With the first half of 2010 behind us, here’s an update on where I see things headed for the remainder of 2010, and where I believe my readers can make some money:
The surprise in stocks for the immediate term is on the upside. People are still very worried about the economy. National debt is out of control. Employment is high. Retail investors are staying away from the stock market. But corporate earnings are beating analyst expectations.
If you were to ask me about the short term, which would include 2011, I would tell you I am very bearish. I’m bearish because our dollar cannot sustain its value on the great amount of debt we have accumulated. National debt of $20.0 trillion by the end of this decade (we’re at over $12.0 trillion today) will place immense pressure on the U.S. dollar, which will eventually result in higher interest rates.
Higher interest rates may also be required as a deterrent to rapid inflation, which has historically been a problem for America after a prolonged period of easy money. But, for the months ahead, the Fed cannot raise rates because the economy is fragile. A low-interest-rate environment combined with rising corporate earnings is what the stock market loves. So I’m bullish for the immediate term, bearish going into 2011.
Like I’ve said all along, the bear market rally will suck more investors in before its next leg downward. And the best way to suck investors in is to move the market higher so investors feel that all is well again.
I bought more gold last week, because I believe we are getting close to a bottom for the traditionally soft summer months for gold prices. If gold moves closer to $1,100 U.S. an ounce, I will buy more.
Because of my fears about the ramifications of ballooning U.S. debt, the concern about inflation and the longer-term worry about the status of the U.S. dollar as the world’s reserve currency, gold looks like an ideal investment to me for the years ahead. As absurd as it sounds, I’m expecting gold in the $2,000-to-$3,000-per-ounce range as time passes.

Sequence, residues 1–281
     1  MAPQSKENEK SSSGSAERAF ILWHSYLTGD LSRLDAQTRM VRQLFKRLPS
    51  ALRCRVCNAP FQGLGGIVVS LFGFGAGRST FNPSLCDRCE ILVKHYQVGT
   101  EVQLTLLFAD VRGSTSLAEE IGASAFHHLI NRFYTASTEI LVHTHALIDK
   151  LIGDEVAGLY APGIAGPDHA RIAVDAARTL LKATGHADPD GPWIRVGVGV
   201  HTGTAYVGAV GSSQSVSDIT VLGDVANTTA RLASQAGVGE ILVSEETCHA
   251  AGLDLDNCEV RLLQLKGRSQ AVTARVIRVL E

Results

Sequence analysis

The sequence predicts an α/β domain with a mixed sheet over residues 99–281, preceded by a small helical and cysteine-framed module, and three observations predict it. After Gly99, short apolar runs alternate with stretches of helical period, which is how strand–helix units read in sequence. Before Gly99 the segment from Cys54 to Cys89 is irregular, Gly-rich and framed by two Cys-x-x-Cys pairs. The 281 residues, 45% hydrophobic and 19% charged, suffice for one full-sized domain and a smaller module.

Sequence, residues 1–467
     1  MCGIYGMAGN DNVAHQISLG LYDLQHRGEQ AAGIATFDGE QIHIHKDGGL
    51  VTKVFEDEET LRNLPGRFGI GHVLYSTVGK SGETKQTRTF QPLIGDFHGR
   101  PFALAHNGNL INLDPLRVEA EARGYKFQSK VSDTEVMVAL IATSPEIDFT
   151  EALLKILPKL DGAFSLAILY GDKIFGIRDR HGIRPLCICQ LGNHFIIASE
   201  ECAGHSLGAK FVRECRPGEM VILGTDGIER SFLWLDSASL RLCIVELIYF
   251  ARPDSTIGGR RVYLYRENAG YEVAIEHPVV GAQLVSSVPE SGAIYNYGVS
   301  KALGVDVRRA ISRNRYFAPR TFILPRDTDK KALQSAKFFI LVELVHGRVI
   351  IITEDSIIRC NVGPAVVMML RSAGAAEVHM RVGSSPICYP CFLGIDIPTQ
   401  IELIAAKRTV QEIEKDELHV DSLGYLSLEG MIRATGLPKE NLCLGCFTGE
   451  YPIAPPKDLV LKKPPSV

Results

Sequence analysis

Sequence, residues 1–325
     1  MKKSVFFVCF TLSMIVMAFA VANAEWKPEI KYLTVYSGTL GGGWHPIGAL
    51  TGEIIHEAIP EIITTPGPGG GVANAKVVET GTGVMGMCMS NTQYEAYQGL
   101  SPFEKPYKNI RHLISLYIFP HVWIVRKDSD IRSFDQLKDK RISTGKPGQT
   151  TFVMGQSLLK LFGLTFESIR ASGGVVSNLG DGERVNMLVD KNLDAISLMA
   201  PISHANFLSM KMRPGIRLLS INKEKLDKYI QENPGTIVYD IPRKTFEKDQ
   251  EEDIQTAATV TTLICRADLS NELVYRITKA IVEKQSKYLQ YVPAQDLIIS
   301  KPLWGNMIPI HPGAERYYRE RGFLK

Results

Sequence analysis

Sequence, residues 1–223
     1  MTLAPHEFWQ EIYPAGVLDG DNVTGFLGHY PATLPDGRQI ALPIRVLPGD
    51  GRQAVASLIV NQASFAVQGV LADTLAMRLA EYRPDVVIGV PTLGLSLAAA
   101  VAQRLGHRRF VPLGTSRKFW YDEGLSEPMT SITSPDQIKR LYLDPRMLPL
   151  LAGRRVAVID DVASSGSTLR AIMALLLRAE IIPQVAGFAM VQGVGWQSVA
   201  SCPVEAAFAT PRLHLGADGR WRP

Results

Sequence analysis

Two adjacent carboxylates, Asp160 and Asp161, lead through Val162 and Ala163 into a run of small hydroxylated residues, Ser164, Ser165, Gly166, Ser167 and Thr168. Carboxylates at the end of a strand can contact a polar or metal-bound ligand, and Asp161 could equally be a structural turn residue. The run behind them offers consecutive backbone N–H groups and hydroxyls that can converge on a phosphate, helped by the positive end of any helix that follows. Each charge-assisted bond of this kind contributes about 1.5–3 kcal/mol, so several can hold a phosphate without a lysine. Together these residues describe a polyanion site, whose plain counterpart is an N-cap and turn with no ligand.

The period 2009 to 2011 will go down as the bottom for real estate prices in the U.S. Banks and sellers have caved in to accepting “what the market is” and are thus accepting the lower prices they would not accept in 2007 and 2008.
I’m visiting Florida this week to see where I can come up with some bargains. The states that got hit the hardest by the real estate crash (Florida, Nevada, pockets of California and Arizona) offer the best values. Just because prices have bottomed for real estate, don’t expect them to rise for years. But remember: in real estate investing, money is made on the buying, not the selling. What this means is that buying at depressed prices is most important.
The people from small- and medium-sized business I speak to are telling me that the demand for their products and services is slowly starting to come back. Through the innovation of America’s businessmen and businesswomen, costs have been cut, ingenuity is prevailing, and the “machine” is starting to work again.
Please don’t get me wrong. Many businesses are still having trouble. Our manufacturing base has been eroded for good. But most businesspeople will tell you that 2010 is looking better than 2008 or 2009. The light at the end of the tunnel is getting brighter, but, unfortunately, it has been at the cost of lost American jobs. Profits are returning more as an outcome of slashed costs rather than rising revenues.
What He Said:
“Overbuilt, over-speculated, over-financed and overdone. This is the Florida real estate market right now. For those looking to buy for personal use or investment, hold off! The best deals are yet to come. I continue with my prediction that the hard landing in the U.S. housing market, which is now affecting lenders, will have significant negative effects on the U.S. economy.” Michael Lombardi in PROFIT CONFIDENTIAL, April 3, 2007. Michael began talking about and predicting the financial catastrophe we started experiencing in 2008 long before anyone else.